More on Genuine Blogging
25 Wednesday Jan 2012
As I mentioned the other day, when the call for speaking proposals came out for WordCamp Victoria 2012, I didn’t know how my proposal for to facilitate “Genuine Blogging” would be received. And even though my proposal was accepted, I was still a little bit nervous as to how the presentation would go with who I thought were going to be mostly “techie types” in the room.
Well, the truth was that in the end I didn’t have to be worried at all. In fact, when I mentioned at the beginning of the presentation that this was going to likely be the least techie of the presentations they had attended all day, they broke into applause! That’s when I knew the right people were in the room. They heard what I had to say, questioned me and added their own viewpoints, and the discussion that took place – all about blogging in an authentic way – was pretty great.
I brought up issues such as the fear we feel when starting our blogs and putting ourselves “out there”, and how we sometimes let that fear get in our way of showing who we really are to our online community. Susannah Conway (and maybe others) call this the “PR version” of ourselves. You know, the shiny, brightest version of ourselves that we put forward to the world on our blog, while hiding all the crud away that we don’t want people to know about.
Now I’m not saying that we all have to share every smidgel of ourselves on our blogs and lay it all out there bare for the world to see. No. Definitely no. But I think there is something to be said for being as honest as we can, sharing pieces of all sides of ourselves and letting the dark sides see light sometimes. Showing our humanity. That we are fallible too. (Hey, an example is when I wrote about rejection – that struck a chord with people!) Blog readers want to see a realistic slice of our lives, and they want to see that they are not the only ones sometimes who are afraid or sick or crazy or silly or weird.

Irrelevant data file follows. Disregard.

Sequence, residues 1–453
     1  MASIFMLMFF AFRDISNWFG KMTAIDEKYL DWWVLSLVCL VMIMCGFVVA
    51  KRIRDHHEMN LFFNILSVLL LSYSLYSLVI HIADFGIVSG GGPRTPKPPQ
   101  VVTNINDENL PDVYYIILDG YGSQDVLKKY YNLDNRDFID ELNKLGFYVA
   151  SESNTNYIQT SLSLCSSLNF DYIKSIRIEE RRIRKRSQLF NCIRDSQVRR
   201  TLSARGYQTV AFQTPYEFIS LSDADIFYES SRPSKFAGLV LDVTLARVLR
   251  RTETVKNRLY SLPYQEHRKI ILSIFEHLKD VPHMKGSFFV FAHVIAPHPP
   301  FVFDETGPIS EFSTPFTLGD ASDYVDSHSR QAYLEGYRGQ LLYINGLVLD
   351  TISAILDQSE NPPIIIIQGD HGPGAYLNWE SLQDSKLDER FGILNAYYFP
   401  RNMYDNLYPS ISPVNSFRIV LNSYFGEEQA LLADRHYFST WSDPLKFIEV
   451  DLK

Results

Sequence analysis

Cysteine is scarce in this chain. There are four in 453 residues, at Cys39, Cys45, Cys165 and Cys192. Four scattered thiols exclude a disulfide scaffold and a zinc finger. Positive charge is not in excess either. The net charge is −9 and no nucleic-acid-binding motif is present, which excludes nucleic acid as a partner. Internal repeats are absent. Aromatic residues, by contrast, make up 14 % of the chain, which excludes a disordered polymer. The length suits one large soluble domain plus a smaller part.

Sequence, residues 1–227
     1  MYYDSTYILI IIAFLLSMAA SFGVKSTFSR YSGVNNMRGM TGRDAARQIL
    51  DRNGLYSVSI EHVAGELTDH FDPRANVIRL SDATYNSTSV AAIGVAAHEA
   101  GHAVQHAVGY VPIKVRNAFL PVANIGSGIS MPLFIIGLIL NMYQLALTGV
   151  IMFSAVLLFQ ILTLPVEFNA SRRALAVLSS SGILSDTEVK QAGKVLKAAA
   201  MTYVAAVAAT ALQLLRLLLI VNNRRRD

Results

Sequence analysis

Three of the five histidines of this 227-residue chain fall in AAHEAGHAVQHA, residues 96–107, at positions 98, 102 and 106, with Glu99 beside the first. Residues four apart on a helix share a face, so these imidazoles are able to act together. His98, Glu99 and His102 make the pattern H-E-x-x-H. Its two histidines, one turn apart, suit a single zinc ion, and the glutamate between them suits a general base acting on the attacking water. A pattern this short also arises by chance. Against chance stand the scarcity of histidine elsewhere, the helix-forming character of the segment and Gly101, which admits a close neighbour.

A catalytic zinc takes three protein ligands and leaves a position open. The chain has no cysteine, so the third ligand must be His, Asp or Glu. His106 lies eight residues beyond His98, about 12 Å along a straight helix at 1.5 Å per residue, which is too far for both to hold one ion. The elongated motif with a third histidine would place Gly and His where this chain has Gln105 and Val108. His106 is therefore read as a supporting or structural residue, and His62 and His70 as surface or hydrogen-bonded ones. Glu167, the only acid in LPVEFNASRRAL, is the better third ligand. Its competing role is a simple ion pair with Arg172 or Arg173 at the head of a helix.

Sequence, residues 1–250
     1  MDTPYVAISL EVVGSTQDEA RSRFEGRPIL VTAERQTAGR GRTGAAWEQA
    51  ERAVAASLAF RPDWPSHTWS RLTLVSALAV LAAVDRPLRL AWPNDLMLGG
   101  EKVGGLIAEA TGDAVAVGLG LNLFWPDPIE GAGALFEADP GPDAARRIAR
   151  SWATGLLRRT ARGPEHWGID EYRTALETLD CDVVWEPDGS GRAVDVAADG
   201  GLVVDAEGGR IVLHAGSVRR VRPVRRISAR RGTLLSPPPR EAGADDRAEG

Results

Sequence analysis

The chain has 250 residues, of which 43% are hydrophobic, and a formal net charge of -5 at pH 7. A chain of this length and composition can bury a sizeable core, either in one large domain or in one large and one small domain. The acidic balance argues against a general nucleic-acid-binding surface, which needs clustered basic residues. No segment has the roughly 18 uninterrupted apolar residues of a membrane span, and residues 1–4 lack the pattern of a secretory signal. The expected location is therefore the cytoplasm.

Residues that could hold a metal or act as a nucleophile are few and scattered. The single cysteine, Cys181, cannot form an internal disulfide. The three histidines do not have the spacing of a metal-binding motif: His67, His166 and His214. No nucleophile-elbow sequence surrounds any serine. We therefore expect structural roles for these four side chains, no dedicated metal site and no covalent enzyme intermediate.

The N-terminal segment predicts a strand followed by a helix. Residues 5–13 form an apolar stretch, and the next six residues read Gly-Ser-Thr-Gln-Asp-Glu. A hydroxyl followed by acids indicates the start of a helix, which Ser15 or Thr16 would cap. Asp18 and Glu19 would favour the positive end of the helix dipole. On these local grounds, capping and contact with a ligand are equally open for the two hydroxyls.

Showing who we are on our blog helps build community. We can experience closeness and even friendship with others through our blogs if we allow it to happen.
The trick is to find the balance between how much to share and how much to keep private. Of the many things we need to ask ourselves before we post, two are about 1) the purpose of our blog and 2) if anyone or anything else is at risk. We need to get clear on the purpose of our blog – this is key. And we need to ensure that we are only telling stories that we are allowed to tell. In short, will anyone or anything be impacted by what we are about to share? We all have to find our own comfort level with where to draw the line, while still putting forward our authentic voice.
Our authentic voice may take some time to find, but it will come with practice. Post about some of the challenges you face as well as your successes, your feelings as well as your actions, and you’ll be heading in the right direction. (If you need to get inspired to show your vulnerable side, go check out Brene Brown who is delving deep into these issues – and has a wonderful blog herself.)
Remember that the internet is a great place to find your tribe. (I was gleeful when Mac brought up this term before I did in the session!) And you can only find your tribe if you’re being who you are on your blog.
This was one presentation when I really wished we had an extra half an hour (or more) to go deep into the discussion as the conversation was really getting great when we had to stop. If there were a time and a place to discuss these ideas and strategies more deeply, I’d like to have it. In the meantime, let’s continue it online.
Here’s a link to my presentation: